Why has the Federal Government only now decided to review state-level agreements with foreign governments to make sure they’re in the national interest?
Wasn’t someone already doing this?
Australia’s state and local governments and universities have been signing agreements with other countries for decades – covering everything from education and culture and trade to tourism and research.
More than 130 existing deals with 30 countries could be examined – and some possibly scuttled – under the Government’s proposed new regime, announced last week.
“Where any of these agreements undermine how the Federal Government is protecting and promoting our national interests they can be cancelled,” Prime Minister Scott Morrison has warned.
Three Queensland Government agreements with Chinese organisations are on the list.
The oldest is a 2008 memorandum of understanding with the Chinese Ministry of Science and Technology, which supports cooperation in a range of fields, from agriculture to climate change.
There’s also a 2009 agreement with the Chinese Academy of Sciences, which, to date, has allocated more than $1 million in projects – from research into Alzheimer’s disease to analysing Chinese traditional medicines.
The most recent is a 2014 agreement with the Science and Technology Commission of Shanghai to “advance collaborative research and commercialisation opportunities”.
These, and other such agreements have ticked along over the years and been periodically renewed, typically on the occasion of a visiting state minister.
And so, why the sudden need to review these and other such long-standing arrangements?
Is it sensible pragmatism at a time of growing concern about foreign influence – specifically from China?
Or politics and a chance to stick it to Victorian Premier Daniel Andrews and his Belt and Road infrastructure initiative with Beijing?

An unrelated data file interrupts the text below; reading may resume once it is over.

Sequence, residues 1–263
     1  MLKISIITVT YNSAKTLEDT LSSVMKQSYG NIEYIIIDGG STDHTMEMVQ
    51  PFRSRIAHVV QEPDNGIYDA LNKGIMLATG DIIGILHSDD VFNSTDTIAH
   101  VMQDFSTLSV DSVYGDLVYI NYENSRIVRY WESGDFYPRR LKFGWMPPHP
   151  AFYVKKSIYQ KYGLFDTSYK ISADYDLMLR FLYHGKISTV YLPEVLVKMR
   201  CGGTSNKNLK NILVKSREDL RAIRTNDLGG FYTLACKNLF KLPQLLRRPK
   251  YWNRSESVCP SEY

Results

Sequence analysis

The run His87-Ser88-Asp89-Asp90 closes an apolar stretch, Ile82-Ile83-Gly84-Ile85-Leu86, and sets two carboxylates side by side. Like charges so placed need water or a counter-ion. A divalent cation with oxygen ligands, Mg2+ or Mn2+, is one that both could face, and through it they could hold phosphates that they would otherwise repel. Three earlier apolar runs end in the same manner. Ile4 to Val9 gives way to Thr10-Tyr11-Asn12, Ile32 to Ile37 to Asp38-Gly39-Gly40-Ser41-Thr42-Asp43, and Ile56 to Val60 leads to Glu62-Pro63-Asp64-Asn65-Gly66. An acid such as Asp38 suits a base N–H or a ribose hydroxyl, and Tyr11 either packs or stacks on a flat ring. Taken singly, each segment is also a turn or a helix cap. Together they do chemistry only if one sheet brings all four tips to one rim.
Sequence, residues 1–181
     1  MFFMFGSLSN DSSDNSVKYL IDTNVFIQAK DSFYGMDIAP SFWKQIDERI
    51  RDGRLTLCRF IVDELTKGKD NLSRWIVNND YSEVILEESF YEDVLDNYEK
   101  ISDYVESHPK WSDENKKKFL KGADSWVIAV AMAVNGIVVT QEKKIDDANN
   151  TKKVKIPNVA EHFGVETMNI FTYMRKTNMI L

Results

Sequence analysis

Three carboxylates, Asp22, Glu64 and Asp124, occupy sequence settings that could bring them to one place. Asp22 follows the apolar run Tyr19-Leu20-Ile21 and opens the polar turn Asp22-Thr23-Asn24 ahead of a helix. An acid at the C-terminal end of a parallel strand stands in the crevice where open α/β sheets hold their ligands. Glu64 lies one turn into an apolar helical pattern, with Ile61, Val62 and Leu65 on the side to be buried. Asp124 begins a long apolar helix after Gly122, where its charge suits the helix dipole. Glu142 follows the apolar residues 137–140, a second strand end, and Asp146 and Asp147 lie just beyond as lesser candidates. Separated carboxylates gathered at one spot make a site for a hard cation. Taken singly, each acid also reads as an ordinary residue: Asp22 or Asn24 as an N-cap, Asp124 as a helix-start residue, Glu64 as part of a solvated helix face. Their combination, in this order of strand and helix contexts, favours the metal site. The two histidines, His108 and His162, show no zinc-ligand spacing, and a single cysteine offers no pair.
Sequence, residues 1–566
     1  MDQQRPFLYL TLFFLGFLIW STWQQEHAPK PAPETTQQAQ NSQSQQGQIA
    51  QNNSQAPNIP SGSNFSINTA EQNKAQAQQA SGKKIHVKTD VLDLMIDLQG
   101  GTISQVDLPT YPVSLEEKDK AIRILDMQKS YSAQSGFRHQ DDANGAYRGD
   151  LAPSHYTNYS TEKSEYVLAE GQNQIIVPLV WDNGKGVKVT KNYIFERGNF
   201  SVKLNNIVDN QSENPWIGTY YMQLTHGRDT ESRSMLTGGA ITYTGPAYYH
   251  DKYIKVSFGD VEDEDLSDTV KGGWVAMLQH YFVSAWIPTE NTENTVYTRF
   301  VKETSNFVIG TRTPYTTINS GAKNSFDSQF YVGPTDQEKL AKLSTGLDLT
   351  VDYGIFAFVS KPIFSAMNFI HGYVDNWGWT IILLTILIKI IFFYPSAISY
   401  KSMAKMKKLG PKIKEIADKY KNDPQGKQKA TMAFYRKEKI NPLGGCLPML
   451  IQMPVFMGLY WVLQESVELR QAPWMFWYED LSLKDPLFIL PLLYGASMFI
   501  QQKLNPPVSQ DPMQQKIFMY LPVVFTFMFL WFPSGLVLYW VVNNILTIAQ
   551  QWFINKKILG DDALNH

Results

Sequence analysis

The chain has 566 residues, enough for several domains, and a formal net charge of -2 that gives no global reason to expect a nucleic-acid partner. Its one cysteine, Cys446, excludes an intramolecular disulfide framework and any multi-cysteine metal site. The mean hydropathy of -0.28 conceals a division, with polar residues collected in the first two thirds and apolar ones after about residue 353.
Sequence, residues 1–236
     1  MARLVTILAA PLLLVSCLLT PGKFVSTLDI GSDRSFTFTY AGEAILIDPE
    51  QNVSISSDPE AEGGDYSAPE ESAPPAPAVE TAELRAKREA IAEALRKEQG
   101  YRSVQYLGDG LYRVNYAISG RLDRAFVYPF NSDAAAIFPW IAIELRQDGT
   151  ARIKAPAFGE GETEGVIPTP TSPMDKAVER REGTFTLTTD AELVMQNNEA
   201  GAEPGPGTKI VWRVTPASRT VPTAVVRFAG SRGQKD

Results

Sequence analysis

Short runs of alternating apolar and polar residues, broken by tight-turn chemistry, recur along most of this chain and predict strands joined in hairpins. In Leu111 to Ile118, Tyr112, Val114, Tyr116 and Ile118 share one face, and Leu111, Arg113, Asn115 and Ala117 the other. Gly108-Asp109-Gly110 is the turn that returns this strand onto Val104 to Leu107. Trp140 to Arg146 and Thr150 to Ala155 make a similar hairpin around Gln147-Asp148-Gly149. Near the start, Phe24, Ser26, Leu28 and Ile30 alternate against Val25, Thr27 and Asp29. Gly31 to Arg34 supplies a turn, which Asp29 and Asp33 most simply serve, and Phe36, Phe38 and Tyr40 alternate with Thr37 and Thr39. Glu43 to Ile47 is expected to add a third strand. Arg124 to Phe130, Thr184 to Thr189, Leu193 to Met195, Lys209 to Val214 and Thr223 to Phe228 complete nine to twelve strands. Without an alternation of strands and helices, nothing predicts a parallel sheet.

It’s easy to be paranoid about China if you set your mind to it.
I visited China a couple of years ago as a tourist and was walking through Beijing’s huge Olympic Park when a man on a bicycle pulled up beside me.
“German?” he asked, in German.
“No, Australian,” I replied in English. The bicyclist launched into a speech, now in English, along the following lines:
“Your premier’s a bad man. Australia’s too friendly with America.
“We’re your friends. Tell your premier Australia need to sell us more iron ore, and coal.”
I told him I didn’t know our prime minister and that I was just a tourist but that didn’t stop him banging on in similar and well-informed vein for several more minutes before riding off.
Did the Government hire people to lurk around the tourist spots to badger visitors with the official line?
Or had they singled me out specially? I had visited China a decade earlier on a journalist’s visa on a story about Chinese investment in the Queensland mining industry.
I had also once worked for a (Queensland) premier, if not a prime minister
And there’d been the strange incident at breakfast when my wife and I returned to our booth in the corner of a half-empty dining room after visiting the buffet to find a man sitting at one of the spare spaces.
He’d looked up from his food and smiled politely but said nothing. Neither did we. Another country, different habits, different ideas of personal space and all that I’d decided.
As soon as he finished eating, the man pulled out his phone and, with hand signs, indicated he’d like my wife to take a picture of him and me together.
Not wanting to offend, we agreed. The fellow seemed so happy with the photos he immediately started tapping away on his phone – uploading them to his version of Facebook, or sending them off the man-on-the-bike’s handler, or the secret police perhaps?
Nothing else untoward happened on the trip. But enough to make you paranoid?
Obviously, you’d hope there’s more concrete evidence than tourists’ anecdotes behind these latest moves to control Chinese influence in Australia.
The Australian Government does occasionally hint that we’ve got reason for concern.
In May this year, it stopped just short of publicly naming China as the source of a major cyberattack on Australian governments and businesses. But it did offer enough nods and winks for the media to join the dots.
And the Queensland Government’s view on this sudden decision by Prime Minister Morrison to review it arrangements with overseas organisations?
“The Queensland Government has not seen the proposal so can’t comment on it,” a spokesperson said.
But be reassured that, “Queensland’s international trade and investment creates jobs for Queenslanders”, and “in doing so the Government works closely with the Commonwealth Department of Foreign Affairs and Trade.”
As to the question of how the Queensland Government monitors and audits its various international agreements, in the absence of formal Federal Government oversight?
Well, no answer yet.Jump to next article